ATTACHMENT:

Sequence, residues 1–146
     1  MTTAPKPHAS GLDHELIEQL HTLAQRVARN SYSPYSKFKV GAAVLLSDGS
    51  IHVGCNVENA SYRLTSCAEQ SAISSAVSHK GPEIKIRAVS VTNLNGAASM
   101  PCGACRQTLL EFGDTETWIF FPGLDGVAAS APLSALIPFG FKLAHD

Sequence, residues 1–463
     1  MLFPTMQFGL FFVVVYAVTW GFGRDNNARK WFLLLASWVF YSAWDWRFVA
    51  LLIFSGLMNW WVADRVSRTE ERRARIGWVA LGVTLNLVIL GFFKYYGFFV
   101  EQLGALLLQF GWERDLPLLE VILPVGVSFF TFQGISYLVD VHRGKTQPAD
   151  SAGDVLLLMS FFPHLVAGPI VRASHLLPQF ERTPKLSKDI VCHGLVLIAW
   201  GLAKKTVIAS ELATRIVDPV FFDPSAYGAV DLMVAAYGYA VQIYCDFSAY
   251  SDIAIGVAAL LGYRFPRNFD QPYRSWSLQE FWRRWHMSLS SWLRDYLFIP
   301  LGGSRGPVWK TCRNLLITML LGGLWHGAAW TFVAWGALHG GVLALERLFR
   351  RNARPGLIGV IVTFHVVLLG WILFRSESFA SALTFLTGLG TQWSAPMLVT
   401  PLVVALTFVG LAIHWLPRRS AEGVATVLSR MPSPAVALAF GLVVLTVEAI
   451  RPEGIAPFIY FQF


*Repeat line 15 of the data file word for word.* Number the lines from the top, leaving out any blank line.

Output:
   451  RPEGIAPFIY FQF